Shea Butter, Your Dry Skin Saviour

If you suffer from extremely dry skin, you might have come across shea butter in your quest to finding your ultimate, holy grail moisturiser for your face and body. It is not uncommon to see shea butter as a top ingredient in many body care products, such as lotions and creams. The skincare benefits of shea butter have been raved about by A-list Hollywood celebrities, including Taraji P. Henson and Lupita Nyong’o. But, what exactly is shea butter, and why is it such a popular go-to ingredient to combat dry skin?


Shea Butter, the Skincare Powerhouse

Originating from Africa, shea butter is a kind of fat that is produced from the nut of the shea fruit. It can most often be found in skincare products such as body lotions, face creams and soaps. Apart from its use in the beauty industry, shea butter can also be used in cooking, in place of regular butter or oil.

In the beauty industry, shea butter is usually included in skincare products targeted at those with dry skin. This is due to its highly hydrating properties, as well as its ability to be absorbed quickly into the skin. This means you will be ensured of attaining that silky smooth, baby-soft skin, but without the presence of any oily residue. Sounds like a dream, right?

Well, what if we told you that hydration is not the only thing you can look forward to, with regular use of shea butter? That’s right. This buttery skincare powerhouse is able to provide you with other numerous benefits, from your head all the way to your tippy toes. Let us take a look at what these benefits are.

Hidden Healing Powers

A lesser-known benefit of using shea butter is its healing properties. The chemical components found in shea butter enable it to be used as an anti-inflammatory agent. This is why shea butter can be often found as one of the foundational ingredients in medical ointments.

Blocking the Sun’s Rays

Did you know that shea butter can even be used as a natural sunscreen? Shea butter has been used among many natural beauty lovers as a sunscreen option. This is due to one of its chemical components, known as cinnamic acid esters. These chemicals have the ability to block the harmful ultraviolet (UV) radiation from being absorbed into the skin. Other natural ingredients that can be used as sunscreen include aloe vera, jojoba oil, as well as the leaves of the Indian beech tree. If you are keen on trying these natural substitutes for sunscreen, apply them on a small patch of your skin first before going all in. The sun protection factor (SPF) of these ingredients is generally low, thus it is a good idea for you to try them beforehand, to ensure you are truly receiving enough sun protection.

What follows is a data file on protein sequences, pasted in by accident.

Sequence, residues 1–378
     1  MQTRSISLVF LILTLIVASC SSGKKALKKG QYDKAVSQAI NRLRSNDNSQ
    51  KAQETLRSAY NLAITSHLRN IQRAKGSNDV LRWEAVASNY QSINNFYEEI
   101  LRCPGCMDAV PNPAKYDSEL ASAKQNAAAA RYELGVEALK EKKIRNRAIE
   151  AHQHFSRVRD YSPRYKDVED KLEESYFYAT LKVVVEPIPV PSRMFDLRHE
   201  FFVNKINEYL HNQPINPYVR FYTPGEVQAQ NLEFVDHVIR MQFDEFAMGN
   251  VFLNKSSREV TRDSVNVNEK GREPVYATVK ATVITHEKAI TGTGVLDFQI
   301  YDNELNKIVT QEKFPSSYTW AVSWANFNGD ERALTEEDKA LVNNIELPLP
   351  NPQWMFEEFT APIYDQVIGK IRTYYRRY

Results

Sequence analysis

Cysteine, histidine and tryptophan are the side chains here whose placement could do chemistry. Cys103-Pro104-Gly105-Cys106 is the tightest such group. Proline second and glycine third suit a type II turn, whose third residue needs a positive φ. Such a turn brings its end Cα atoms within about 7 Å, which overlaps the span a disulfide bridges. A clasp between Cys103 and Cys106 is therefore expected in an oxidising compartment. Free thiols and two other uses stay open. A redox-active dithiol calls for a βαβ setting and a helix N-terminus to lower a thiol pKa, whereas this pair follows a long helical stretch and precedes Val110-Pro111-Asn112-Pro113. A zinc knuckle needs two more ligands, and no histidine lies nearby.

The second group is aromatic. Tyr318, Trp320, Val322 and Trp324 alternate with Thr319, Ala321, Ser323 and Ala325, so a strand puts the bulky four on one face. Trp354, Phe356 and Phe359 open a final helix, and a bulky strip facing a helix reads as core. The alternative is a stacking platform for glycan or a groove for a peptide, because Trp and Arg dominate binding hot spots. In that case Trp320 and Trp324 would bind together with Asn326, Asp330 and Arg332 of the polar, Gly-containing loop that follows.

Banishing Stretch Marks, Little by Little

Stretch marks are a common skin concern among pregnant women. These scars usually appear on the tummy, due to it stretching and expanding as the baby grows and develops in the mother’s womb. Other areas where stretch marks tend to be found are the thighs, hips and buttocks. To reduce the appearance of stretch marks, some expecting mums have found shea butter to be an effective ingredient, due to its anti-inflammatory properties. Applying shea butter on the areas of concern twice a day may help in healing the marks, as well as reduce their redness, thus diminishing the appearance of the stretch marks.

Facial Imperfections, Begone!

People who suffer from acne know all too well the difficulties and inevitable frustration that arise in their journey of finding a cure for those pesky zits. Acne medications prescribed by dermatologists, whether they are oral or topical, do not necessarily provide a permanent cure. For those who cannot afford to consult a skin expert, they are left to battle their skin condition on their own. If you find these scenarios familiar, how about giving shea butter a go to treat your acne? Shea butter is a popular treatment option among some acne sufferers, especially those who prefer to go the natural route in treating their acne, rather than opting for harsh medications. Again, shea butter’s anti-inflammatory property plays a significant role here, allowing the skin to heal and be restored.


Unrefined vs. Refined

So, are you now itching to grab yourself some shea butter to try it out on your skin woes? If you are, hold up! Before you hit that “Checkout” button, you need to know what kind of shea butter you are purchasing.

Shea butter comes in two forms: Unrefined and refined. What are the differences between both these types of shea butter? Read on to find out!

Unrefined Shea Butter

Shea butter that has gone through minimal processing is known as unrefined shea butter. Producing unrefined shea butter is very time-intensive, as it is mostly done through a manual process. Furthermore, unrefined shea butter typically does not undergo any filtering. This ensures that you are getting the shea butter in its most raw state.

Refined Shea Butter

Producing refined shea butter usually involves the use of chemicals. This process also eliminates any odours that come from the shea butter, making it a preferred choice for those who are sensitive to strong smells.


Which Should You Choose?

Unrefined shea butter is generally of a better quality, as no chemicals are involved in its production. It also maintains most of its raw natural components, ensuring its beneficial properties are still intact. However, unlike refined shea butter, unrefined shea butter tends to emanate a strong odour, which might be too overwhelming for those with a sensitive nose.